We believe that a force of about 7,000 of the enemy has left Arkansas River to join Kirby Smith at Shreveport, leaving the Washita at Pine Bluff, near Monroe; then to come down the Red River to Grand Ecore, is undoubtedly a Texan column on the road to join them. My advance is now 60 miles above Alexandria. The only course for me, failing in co-operation with you, is to regain the Mississippi and attack Port Hudson or to move against the enemy at Shreveport. Port Hudson is reduced in force, but not as you are informed. It has now 10,000 men and is very strongly fortified. This is the report of Admiral Farragut, whose fleet is above and below the works.
I regret very much my inviability to join you. I have written Colonel Grierson that you desire him to join you, and have added my won request to yours. Captain Ulffers goes to Baton Rouge to communicate with him.
Wishing you all possible success, and feeling that you have all the prayers of our people, I have the honor to be, with sincere respect, your obedient servant,
N. P. BANKS,
HEADQUARTERS DEPARTMENT OF THE GULF,
Alexandria, La., May 13, 1863.
Contrary to my dispatches of yesterday, thorough reconnaissances made by Major Huston and Lieutenant Harwood satisfy me that it is possible for my command to join General Grant at Vicksburg.* I shall make every sacrifice and hazard everything to accomplish this object with the least possible delay, believing that the concentration of our armies is the vital point necessary for the useccess of our cause.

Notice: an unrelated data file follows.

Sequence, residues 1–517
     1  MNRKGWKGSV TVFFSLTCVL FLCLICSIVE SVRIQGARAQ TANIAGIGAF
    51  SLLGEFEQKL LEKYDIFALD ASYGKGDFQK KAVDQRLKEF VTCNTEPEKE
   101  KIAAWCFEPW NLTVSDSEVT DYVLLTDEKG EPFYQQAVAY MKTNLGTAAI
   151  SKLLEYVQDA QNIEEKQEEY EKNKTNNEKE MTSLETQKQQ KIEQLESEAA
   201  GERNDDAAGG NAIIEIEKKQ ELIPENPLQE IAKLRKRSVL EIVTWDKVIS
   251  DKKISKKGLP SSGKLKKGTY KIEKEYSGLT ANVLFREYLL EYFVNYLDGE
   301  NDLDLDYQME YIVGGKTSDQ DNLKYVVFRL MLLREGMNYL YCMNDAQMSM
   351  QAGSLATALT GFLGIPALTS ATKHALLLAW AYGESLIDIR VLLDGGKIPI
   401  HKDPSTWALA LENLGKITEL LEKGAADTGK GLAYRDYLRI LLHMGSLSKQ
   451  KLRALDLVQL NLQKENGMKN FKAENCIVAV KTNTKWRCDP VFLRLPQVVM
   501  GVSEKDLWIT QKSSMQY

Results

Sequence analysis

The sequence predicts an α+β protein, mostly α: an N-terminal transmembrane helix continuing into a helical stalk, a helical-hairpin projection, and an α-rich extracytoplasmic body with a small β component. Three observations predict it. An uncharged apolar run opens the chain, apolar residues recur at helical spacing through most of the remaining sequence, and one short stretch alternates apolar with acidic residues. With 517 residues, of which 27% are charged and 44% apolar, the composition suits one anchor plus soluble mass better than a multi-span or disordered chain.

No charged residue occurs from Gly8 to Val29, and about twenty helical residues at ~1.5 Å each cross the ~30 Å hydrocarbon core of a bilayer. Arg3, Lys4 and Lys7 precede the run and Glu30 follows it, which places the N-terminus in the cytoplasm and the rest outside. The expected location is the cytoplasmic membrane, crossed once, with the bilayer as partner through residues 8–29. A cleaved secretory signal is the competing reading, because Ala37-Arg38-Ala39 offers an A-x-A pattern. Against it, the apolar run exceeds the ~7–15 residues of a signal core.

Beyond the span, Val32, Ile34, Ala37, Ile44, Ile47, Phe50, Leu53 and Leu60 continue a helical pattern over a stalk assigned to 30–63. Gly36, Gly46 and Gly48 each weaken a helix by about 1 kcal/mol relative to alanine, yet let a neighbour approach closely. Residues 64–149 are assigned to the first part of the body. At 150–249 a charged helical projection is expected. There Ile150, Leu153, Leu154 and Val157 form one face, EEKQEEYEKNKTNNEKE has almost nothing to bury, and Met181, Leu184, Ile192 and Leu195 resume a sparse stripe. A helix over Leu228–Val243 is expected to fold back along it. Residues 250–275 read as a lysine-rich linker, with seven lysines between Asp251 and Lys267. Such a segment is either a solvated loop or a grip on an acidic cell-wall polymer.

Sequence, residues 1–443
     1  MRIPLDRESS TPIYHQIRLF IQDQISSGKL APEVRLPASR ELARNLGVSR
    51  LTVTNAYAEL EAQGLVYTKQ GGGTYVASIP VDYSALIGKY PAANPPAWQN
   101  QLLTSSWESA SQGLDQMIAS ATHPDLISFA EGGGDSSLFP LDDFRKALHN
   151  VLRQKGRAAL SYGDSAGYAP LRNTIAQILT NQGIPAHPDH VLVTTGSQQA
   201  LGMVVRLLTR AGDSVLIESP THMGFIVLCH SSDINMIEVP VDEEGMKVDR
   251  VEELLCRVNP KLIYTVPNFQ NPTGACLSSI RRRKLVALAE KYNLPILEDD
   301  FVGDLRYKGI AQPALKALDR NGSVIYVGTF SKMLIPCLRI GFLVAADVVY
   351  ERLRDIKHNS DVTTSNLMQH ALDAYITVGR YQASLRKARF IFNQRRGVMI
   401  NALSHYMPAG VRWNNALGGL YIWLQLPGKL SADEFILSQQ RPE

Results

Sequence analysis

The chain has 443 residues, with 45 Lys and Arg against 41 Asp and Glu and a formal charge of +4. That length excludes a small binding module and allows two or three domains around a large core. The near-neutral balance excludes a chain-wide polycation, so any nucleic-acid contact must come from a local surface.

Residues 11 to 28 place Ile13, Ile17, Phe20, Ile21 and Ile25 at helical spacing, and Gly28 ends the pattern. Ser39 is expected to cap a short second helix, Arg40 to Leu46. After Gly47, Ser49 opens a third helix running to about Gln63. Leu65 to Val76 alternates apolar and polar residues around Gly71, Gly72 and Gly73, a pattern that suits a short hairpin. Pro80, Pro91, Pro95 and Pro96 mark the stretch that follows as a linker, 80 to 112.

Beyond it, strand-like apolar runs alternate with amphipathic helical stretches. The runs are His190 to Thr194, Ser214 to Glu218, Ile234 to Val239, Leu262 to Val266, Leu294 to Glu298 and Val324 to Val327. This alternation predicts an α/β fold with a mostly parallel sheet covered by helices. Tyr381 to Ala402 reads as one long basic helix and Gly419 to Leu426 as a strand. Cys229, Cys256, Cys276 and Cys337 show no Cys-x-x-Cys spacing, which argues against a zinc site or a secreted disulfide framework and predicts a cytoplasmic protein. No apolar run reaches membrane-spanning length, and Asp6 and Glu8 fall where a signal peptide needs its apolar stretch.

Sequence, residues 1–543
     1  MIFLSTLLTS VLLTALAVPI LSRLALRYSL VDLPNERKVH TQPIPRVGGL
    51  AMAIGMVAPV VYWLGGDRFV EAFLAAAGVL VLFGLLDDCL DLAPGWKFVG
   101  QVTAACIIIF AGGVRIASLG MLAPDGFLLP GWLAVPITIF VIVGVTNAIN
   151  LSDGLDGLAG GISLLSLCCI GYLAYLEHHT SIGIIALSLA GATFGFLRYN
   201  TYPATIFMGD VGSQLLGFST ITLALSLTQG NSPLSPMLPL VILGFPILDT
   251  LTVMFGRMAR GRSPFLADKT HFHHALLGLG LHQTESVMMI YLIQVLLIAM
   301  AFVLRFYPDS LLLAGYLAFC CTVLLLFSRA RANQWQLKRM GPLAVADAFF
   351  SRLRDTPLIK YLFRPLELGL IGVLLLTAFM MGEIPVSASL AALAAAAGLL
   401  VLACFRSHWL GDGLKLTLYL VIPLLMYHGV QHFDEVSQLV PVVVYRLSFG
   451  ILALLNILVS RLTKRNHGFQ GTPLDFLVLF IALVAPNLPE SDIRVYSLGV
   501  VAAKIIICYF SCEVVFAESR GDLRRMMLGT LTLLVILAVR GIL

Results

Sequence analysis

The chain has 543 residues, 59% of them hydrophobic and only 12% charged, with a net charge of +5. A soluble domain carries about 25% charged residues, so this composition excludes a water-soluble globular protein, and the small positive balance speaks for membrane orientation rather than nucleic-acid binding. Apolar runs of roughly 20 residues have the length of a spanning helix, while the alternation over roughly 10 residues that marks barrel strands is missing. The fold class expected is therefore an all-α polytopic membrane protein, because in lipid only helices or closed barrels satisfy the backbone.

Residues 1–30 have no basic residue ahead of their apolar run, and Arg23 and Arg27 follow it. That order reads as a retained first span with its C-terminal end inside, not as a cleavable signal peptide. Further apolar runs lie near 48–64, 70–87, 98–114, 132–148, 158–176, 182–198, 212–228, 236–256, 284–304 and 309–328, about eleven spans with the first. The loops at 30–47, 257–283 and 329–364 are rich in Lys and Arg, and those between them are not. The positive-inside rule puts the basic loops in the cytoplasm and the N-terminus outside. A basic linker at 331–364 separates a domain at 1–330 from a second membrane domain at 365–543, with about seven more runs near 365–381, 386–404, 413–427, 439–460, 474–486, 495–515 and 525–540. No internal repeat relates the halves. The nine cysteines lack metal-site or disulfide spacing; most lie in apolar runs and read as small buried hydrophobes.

My command will move to Simmesport to-day, making that the basis of our operations, and hope to reach Grand Gulf by the aid of such transports as we can command and the naval vessels now in the Mississippi.
Brigadier-General Weitzel, in command of the division on the Shreveport road (nearly 70 miles above Alexandria), reports that the retreating forces of the enemy is reduced to about 1,200 men and that the expectation of an increase of their forces from Arkansas and Texas has no substantial foundation. This relieves our apprehension hitherto entertained from that quarter. I send this by telegraph to reach the mail steamer.
We hear reports that the force from General Hunter's command is on its way and hope it is true. It will relieve our fears as to New Orleans.
I have the honor to be, with much respect, your obedient servant,
N. P. BANKS,
Washington, D. C.
[For General Banks' report, covering operations December 16, 1862-July 8, 1863, see Series I, Vol. XXVI.]
*See also Banks to Farragut and Grant same date in "Correspondence, etc.," post.